China’s prodigal Star returns: Wang Keping at UCCA, Beijing – picture feast

Wang Keping, China’s prodigal son and associate of Ai Weiwei, returns to Beijing for a major exhibition. 

Exiled Chinese dissident artist Wang Keping has returned from France to Beijing for an exhibition of his sculptural work in China, showing at the Ullens Center for Contemporary Art from 27 September 2013 to 5 January 2014. But decades in exile have done little to mellow the defiant artist, whose UCCA show has already sparked debate on censorship. 

Wang Keping at UCCA from 27 Sep. 2013 to 5 Jan. 2014.

Wang Keping at UCCA from 27 September 2013 to 5 January 2014.

The Ullens Center for Contemporary Art is hosting “Wang Keping” (27 September 2013 to 5 January 2014), a solo exhibition of one of China’s first contemporary sculptors who was also one of the founding members of the dissident artist group The Stars (Xing Xing). More than fifty works are on view, spanning the artist’s 35-year career and comprising a wide range of subjects.

The Stars, considered to be one of the first contemporary avant-garde art movements in China, was founded immediately after the end of the Cultural Revolution. Founded by Wang Keping, Ai Weiwei, Huang Rui, Li Shuang and Ma Desheng in the late 1970s, the group fought for artistic freedom as China’s government was beginning to loosen their strict controls on expression, according to the UCCA press release.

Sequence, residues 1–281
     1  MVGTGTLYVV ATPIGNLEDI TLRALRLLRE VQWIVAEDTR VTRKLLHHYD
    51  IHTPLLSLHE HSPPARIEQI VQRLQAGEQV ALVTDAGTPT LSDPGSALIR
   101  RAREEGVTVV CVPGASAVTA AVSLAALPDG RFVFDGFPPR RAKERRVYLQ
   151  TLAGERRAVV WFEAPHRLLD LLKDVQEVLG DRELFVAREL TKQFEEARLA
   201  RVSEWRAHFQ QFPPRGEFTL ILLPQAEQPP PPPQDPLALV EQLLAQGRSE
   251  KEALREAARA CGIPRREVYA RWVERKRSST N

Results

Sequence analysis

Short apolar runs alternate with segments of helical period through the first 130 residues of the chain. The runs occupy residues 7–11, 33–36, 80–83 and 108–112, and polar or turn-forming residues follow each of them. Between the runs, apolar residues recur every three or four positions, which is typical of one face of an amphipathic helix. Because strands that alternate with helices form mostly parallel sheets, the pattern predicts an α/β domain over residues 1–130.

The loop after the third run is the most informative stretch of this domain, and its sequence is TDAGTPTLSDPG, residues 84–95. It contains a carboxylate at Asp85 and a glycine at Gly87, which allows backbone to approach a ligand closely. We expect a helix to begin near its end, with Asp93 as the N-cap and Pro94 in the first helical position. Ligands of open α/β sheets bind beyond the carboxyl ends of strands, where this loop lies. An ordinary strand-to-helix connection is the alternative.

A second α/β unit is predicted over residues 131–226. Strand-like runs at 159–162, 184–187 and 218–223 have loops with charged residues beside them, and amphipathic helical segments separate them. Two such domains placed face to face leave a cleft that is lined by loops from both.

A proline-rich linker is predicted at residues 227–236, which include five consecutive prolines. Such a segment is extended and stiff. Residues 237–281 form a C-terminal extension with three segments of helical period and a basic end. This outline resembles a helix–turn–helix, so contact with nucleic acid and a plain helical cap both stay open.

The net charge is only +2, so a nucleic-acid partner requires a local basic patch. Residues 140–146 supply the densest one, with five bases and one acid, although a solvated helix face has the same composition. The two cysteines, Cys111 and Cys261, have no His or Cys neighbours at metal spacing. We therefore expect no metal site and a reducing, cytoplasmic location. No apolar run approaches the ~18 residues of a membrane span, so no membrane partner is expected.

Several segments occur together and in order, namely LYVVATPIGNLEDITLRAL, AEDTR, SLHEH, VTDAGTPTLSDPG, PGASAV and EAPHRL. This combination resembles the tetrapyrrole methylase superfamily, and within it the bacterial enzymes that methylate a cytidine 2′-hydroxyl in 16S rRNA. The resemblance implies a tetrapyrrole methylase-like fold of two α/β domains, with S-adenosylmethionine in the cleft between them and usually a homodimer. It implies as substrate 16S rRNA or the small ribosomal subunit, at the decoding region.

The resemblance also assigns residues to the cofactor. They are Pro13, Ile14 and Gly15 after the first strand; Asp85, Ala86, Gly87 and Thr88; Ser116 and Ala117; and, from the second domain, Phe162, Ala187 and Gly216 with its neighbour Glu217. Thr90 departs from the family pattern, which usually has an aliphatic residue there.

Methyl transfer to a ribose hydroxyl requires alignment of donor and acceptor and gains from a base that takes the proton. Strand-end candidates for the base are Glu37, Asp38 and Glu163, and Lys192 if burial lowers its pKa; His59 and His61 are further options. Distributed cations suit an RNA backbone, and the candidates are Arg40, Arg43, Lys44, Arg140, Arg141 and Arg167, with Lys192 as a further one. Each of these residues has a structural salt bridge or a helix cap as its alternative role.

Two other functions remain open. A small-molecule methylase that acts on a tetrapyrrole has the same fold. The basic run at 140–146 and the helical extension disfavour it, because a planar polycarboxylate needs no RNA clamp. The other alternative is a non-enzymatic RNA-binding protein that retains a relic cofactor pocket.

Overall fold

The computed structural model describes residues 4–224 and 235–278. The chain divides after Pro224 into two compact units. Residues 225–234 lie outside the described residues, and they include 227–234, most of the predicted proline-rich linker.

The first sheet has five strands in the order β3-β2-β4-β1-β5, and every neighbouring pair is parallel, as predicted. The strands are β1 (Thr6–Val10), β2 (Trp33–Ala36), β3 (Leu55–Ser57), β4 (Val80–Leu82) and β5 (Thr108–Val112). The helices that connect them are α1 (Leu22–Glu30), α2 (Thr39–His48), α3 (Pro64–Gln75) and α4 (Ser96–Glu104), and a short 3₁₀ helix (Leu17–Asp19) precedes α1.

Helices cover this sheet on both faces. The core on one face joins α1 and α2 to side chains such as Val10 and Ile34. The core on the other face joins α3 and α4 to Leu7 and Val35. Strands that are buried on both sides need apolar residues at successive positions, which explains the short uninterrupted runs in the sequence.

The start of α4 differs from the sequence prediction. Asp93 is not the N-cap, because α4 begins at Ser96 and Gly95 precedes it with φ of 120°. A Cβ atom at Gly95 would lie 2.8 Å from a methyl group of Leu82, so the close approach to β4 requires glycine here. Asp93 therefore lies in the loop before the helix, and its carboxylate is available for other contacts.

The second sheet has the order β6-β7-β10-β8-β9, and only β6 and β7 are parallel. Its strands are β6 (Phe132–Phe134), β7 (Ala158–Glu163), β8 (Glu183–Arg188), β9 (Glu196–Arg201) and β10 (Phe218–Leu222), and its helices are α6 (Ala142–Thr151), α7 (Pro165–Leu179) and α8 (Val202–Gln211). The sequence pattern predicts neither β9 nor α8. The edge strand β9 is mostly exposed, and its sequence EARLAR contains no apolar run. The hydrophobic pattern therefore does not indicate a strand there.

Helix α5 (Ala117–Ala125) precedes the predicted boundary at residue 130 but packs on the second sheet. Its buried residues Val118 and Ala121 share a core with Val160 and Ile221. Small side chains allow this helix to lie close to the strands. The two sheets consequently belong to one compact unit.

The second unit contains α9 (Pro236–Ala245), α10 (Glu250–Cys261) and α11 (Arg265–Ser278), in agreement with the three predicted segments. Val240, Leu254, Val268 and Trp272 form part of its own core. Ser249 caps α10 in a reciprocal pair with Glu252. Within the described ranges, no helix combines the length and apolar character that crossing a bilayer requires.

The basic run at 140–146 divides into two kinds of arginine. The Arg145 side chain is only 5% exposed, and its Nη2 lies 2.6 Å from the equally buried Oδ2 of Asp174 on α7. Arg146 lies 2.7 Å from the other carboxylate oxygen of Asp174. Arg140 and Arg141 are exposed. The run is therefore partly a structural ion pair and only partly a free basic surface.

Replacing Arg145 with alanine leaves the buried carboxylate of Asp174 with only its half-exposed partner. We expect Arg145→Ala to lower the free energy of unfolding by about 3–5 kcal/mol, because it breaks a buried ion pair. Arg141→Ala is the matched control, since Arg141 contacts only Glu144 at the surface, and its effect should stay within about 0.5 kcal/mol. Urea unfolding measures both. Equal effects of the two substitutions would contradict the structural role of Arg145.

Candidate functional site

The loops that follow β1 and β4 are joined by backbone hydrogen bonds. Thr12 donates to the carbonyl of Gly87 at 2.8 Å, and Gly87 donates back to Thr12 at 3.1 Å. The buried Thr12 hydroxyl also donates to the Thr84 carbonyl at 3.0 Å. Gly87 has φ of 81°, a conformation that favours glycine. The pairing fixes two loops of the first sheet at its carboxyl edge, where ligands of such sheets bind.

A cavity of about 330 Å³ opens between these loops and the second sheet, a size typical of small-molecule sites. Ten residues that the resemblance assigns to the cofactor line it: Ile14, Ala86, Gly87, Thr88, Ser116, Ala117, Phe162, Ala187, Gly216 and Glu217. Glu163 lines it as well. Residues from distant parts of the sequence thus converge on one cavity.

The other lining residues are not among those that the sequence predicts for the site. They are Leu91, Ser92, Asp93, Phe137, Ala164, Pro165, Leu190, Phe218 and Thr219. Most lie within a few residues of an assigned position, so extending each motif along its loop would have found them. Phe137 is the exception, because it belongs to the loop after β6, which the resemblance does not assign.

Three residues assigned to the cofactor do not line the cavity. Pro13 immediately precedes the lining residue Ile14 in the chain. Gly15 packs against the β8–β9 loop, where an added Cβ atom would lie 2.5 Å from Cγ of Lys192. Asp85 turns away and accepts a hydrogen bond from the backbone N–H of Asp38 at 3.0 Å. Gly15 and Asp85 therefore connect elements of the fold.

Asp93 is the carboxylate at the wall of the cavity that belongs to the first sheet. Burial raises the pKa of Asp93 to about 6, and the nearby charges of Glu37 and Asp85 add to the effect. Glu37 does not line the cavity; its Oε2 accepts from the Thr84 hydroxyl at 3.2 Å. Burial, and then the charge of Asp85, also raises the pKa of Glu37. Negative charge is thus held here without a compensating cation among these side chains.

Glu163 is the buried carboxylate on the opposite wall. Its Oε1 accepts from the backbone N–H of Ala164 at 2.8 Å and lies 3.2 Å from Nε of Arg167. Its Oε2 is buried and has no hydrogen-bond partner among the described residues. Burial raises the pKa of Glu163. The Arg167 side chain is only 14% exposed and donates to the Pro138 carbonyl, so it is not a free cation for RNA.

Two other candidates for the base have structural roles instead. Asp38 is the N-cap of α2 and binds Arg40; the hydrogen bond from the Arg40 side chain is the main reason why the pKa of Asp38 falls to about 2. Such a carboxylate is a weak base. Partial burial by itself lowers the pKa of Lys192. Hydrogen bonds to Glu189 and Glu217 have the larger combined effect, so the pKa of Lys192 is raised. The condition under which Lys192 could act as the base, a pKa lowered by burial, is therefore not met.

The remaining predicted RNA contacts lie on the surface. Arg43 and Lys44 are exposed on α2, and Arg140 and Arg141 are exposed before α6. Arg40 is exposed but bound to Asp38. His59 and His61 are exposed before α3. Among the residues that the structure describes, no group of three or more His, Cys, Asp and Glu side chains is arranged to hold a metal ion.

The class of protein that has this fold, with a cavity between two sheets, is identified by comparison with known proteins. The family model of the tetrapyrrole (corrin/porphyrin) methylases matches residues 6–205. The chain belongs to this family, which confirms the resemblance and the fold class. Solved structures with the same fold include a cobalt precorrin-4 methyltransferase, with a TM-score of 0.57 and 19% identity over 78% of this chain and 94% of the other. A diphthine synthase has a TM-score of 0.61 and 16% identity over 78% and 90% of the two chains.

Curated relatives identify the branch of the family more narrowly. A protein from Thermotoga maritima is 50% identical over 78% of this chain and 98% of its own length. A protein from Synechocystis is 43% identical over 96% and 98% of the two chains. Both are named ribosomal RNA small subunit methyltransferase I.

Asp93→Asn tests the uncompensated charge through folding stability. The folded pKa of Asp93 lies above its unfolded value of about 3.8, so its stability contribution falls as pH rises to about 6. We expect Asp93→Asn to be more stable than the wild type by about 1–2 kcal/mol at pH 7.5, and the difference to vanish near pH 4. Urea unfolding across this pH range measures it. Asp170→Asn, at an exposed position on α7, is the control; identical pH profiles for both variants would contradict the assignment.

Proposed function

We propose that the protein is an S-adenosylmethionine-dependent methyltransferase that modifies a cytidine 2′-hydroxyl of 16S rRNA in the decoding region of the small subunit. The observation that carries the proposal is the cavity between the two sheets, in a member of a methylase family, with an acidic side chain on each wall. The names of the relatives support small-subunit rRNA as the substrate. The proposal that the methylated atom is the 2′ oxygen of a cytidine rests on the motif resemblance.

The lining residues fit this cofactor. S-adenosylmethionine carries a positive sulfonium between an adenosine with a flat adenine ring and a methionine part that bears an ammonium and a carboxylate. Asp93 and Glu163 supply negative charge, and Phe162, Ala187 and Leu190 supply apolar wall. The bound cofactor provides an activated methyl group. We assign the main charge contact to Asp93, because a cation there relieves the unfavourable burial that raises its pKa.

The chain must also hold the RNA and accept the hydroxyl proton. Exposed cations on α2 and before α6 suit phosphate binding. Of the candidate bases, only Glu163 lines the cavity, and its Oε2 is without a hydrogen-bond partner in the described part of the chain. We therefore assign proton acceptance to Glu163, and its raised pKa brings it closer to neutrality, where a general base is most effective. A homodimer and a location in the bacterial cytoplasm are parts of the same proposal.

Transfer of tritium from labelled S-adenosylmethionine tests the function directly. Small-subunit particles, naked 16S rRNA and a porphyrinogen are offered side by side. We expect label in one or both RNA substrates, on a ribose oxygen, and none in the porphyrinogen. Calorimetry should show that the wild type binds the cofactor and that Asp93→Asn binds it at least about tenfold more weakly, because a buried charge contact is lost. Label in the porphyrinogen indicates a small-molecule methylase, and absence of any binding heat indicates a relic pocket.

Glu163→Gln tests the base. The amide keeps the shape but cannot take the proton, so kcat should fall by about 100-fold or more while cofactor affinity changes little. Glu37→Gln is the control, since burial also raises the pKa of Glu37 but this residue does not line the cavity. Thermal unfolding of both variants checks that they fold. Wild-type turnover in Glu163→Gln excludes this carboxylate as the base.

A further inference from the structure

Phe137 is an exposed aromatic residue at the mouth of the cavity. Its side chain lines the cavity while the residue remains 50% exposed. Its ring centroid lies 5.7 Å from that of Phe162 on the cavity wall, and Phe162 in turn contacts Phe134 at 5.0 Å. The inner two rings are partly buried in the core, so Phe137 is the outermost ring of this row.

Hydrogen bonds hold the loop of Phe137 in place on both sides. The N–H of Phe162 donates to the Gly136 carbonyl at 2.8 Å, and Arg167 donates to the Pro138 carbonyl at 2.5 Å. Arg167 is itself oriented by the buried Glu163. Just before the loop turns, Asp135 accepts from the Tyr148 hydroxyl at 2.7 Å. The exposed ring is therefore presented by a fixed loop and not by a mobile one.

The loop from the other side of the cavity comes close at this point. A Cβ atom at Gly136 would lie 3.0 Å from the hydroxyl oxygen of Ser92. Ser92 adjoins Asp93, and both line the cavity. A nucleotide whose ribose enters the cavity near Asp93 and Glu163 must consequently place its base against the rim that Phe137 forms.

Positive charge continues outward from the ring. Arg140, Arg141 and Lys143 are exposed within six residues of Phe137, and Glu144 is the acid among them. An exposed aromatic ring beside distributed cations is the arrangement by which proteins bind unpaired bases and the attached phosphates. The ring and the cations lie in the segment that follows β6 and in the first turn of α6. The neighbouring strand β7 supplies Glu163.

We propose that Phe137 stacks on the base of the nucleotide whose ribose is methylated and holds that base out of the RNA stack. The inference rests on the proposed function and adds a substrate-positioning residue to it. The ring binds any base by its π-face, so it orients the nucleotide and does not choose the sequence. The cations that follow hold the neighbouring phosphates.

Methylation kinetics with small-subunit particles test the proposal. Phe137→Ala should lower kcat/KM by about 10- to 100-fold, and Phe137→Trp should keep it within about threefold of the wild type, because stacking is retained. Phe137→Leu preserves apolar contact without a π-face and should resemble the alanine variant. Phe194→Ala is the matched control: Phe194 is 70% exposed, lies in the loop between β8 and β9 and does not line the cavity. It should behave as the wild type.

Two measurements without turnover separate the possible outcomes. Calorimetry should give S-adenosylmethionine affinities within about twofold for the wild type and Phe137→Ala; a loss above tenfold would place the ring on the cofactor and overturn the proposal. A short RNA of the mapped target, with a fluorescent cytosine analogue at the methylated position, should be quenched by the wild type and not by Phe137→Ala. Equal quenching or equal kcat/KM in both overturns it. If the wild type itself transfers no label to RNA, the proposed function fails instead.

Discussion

Wang Keping, 'Ash' 1987. Image courtesy UCCA.

Wang Keping, ‘Ash’, 1987. Image courtesy UCCA.

Who is Wang Keping?

Wood sculptor Wang Keping (b. 1949, Beijing) first gained notoriety with his most famous work Idol. The small wood carving appears like a Buddha figure with the facial features of Mao, but what made the sculpture so controversial was that it mocked China’s Communist leader rather than idolising him.

In 1984, Wang moved to France with his French wife Catherine Dezaly (who had taught in Beijing) and began crafting more naturalistic sculptures. Wang no longer carves overtly political sculptures, but rather works within five themes instead: women, men, couples, birds and pure forms.

Wang has exhibited in major museums and art centres around the world, such as the Centre Georges Pompidou in France, the Kunstmuseum Bern in Switzerland, the Brooklyn Museum in the US, and the National Art Museum of China and He Xiangning Art Museum in China.

Wang Keping, 'Beech', 2003. Image courtesy UCCA.

Wang Keping, ‘Beech’, 2003. Image courtesy UCCA.

Wang only works with wood, creating small-sized pieces that are approximately thirty centimetres to larger pieces which are several metres tall, with signature traits including voluptuous and sensuous forms and lyrical abstraction.

According to the press release,

His works are evocative of Constantin Brâncusi’s Modernist explorations, Han Dynasty funereal figures, and African fertility sculptures, though their warped formal abstractions and embrace of eroticism place them squarely into a class of their own.

Wang Keping, 'Chestnut', 1998. Image courtesy UCCA.

Wang Keping, ‘Chestnut’, 1998. Image courtesy UCCA.

In the press release, Wang discussed his artistic quest for originary and primal forms of expression:

In my sculpture, I strive to find that which is universal in primitive Chinese form, and the further back I go to the origins of this art, the closer I am to my idea of contemporary art.